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Renting a lift to do the liner

Post in 'The Hearth Room - Wood Stoves and Fireplaces' started by DavidV, Oct 4, 2006.

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  1. DavidV

    DavidV New Member

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    Cheapest most expediant solution I have been able to come up with is to rent a 36 foot articulating lift tomorrow and put my liner in. That should be a hoot. Talk about your learning curves. Oh well. by the end of the day I will have my liner in and the next cold weather I plan to fire thoe old beast up. Get at least one more winter out of this thing....and then next year I will rebuild it again and see how many more years she has in her.
    Old stove is like an old friend. I can't imagine giving her away.

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  2. kwburn

    kwburn New Member

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    do you mind if i ask what it costs to rent a lift?
    great idea though!
    wish i had one to clean my chimneys from the top, lol. the roof line of my cape is just too steep so i do them from below which is a drag with 4 foot extensions you need to bend and screw on and off.
  3. saichele

    saichele Minister of Fire

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    I looked at one for some limb work and painting, and it was only about 250 a day. Not cheap, but a lot less than a painter or tree service.

    Steve
  4. Sandor

    Sandor Minister of Fire

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    Get busy David, looks like we may have an opportunity to fire it up this weekend.
  5. ourhouse

    ourhouse Minister of Fire

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    Thats the best way to go! Just becarefull where you set it up and don't over load the lift cap. I bring a bucket truck to work on my house when I need to. It works to great pressure washing the house,cleaning gutters,cleaning the chimney ect. I hate working off ladders.
  6. Toolman

    Toolman New Member

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    I just rented a lift last weekend to install my liner for my pellet insert. I have a cape style house, with a fireplace chimney at the end, extending above the roofline. I could not imagine doing it with a ladder! I am sure that some who work on a ladder every day could do it, but not me! It was at an angle, and rather difficult to reach with the ladder.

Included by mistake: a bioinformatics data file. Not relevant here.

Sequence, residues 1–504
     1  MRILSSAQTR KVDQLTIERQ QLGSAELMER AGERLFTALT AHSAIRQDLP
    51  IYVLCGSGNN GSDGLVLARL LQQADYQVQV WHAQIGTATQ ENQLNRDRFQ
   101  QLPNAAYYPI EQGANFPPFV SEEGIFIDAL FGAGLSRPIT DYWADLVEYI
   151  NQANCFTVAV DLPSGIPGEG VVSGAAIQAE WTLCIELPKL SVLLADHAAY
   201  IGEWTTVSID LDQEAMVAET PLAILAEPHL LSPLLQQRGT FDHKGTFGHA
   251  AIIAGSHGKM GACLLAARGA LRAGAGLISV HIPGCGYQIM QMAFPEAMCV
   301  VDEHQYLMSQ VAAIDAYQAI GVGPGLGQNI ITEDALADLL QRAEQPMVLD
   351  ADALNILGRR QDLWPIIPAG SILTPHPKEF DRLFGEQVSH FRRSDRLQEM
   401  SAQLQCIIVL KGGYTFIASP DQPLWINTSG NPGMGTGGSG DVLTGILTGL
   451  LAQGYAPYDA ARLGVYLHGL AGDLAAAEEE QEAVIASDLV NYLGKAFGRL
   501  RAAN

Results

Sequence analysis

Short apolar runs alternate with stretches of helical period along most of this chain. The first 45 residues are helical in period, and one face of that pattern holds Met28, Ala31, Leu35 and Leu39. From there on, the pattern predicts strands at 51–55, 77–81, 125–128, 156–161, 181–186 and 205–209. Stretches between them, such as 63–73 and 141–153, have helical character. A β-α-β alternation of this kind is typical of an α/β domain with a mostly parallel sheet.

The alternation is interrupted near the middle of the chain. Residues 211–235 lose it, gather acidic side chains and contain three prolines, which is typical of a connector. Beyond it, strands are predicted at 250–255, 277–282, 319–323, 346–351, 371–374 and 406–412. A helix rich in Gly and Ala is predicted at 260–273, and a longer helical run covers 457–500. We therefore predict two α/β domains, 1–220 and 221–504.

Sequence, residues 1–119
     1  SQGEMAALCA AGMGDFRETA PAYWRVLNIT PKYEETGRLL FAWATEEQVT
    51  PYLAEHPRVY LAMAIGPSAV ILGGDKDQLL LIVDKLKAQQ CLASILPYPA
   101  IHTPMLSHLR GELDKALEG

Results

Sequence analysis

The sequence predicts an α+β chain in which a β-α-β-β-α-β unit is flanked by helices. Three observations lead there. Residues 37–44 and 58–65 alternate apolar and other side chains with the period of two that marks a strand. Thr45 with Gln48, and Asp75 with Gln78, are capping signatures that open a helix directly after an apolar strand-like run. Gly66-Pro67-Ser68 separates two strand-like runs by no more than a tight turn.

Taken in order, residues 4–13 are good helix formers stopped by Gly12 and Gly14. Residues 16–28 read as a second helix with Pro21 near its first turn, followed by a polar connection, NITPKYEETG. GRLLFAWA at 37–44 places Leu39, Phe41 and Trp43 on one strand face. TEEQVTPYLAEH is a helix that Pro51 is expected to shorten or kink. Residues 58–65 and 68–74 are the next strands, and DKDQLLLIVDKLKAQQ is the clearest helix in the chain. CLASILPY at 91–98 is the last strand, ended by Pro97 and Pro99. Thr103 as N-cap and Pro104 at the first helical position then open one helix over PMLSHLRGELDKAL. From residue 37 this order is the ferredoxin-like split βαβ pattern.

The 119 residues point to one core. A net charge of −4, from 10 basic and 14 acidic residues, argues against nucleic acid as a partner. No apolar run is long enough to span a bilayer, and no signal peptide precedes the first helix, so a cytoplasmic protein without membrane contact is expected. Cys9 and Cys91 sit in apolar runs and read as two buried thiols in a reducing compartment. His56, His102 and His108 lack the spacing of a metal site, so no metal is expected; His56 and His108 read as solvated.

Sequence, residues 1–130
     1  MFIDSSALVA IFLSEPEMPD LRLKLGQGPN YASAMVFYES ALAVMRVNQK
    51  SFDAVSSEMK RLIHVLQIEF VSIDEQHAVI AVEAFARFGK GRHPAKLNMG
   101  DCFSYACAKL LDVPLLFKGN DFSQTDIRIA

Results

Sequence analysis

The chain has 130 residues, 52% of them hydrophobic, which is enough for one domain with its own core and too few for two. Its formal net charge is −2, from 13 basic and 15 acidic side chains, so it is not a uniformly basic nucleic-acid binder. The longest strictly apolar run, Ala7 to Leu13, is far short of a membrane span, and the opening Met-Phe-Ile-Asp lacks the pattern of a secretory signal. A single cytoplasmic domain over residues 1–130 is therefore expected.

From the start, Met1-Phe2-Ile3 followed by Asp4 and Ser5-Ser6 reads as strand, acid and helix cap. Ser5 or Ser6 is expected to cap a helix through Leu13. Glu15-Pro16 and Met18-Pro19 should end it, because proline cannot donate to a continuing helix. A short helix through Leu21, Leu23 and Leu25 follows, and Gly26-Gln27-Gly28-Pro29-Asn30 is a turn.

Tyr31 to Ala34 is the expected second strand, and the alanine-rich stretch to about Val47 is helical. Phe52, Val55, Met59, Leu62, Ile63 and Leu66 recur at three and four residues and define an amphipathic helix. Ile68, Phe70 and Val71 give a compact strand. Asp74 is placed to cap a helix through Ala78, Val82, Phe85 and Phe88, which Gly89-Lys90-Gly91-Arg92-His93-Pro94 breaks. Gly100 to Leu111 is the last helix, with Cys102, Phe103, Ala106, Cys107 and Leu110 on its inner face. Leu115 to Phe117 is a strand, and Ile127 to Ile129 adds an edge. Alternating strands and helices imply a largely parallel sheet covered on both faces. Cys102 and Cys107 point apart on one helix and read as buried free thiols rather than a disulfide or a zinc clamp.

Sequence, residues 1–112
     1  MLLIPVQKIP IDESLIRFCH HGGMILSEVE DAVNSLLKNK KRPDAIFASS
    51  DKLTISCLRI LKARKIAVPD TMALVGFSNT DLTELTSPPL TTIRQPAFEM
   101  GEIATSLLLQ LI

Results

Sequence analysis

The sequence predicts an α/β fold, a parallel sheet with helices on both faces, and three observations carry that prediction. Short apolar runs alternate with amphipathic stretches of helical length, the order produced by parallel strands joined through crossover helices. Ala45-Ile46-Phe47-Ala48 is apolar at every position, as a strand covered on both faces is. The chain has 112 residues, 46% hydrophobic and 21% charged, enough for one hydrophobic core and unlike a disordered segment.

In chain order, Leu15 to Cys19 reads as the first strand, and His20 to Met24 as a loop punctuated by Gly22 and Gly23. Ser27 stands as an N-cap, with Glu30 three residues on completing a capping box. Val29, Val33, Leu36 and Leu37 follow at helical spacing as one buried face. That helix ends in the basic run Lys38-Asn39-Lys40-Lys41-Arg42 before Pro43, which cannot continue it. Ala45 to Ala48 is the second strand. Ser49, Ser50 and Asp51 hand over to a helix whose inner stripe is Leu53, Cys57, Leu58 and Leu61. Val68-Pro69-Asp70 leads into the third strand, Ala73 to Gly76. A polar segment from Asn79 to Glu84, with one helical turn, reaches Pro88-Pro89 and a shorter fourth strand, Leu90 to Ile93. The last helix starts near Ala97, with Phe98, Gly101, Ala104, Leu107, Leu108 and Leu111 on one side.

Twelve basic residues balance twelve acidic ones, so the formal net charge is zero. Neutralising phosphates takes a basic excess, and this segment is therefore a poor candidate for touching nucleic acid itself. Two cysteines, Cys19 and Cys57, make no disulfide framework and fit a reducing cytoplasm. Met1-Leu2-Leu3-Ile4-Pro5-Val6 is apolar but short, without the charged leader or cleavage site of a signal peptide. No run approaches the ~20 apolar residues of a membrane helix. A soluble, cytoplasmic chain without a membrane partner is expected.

Don't worry about the learning curve on the lift. It should be a joystick control, and pretty simple overall. The one I was rented was towable, without its own motor. You put it in place with the vehicle, and then could roll it around on smooth ground (it had a nose wheel.) It also pivoted, so I was able to put myself right at the top of the chimney, and actually move myself around the back of the chimey. It worked great for fabricating the cap for the top, and making certain that it was sealed properly. Once you get used to the movement and bounce of the lift (normal), it was actually quite comfortable to work from. And, this is coming from someone who does not like heights at all!

    I spent about $150 for this one, but was quoted prices up to $250. If you get a motorized one, it will be more like $400 for a day. If you were trimming alot of trees, it might be worth it, as you would drive from place to place.

    Good luck!
  7. DavidV

    DavidV New Member

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    I checked around with three places. 225 is the price I'm taking. Towable unit with 36 foot max height. I was going to hire a local handyman to help me do the job, figuring they would already have the ladder, etc but none of them seemed interested, so it's up to me. In fact....they open in 30 minutes.....check you guys later, when I'm taking a break.